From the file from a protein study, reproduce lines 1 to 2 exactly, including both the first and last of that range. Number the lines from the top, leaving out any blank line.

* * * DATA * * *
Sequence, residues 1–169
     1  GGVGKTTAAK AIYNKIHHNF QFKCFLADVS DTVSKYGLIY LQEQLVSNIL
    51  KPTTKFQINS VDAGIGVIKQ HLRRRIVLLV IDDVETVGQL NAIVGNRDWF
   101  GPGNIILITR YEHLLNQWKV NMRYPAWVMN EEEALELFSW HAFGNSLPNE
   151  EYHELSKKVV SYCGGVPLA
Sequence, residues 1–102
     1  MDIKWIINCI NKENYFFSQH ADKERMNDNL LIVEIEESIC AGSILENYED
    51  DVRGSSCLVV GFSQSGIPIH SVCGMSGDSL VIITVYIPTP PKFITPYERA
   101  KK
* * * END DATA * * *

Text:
Sequence, residues 1–169
     1  GGVGKTTAAK AIYNKIHHNF QFKCFLADVS DTVSKYGLIY LQEQLVSNIL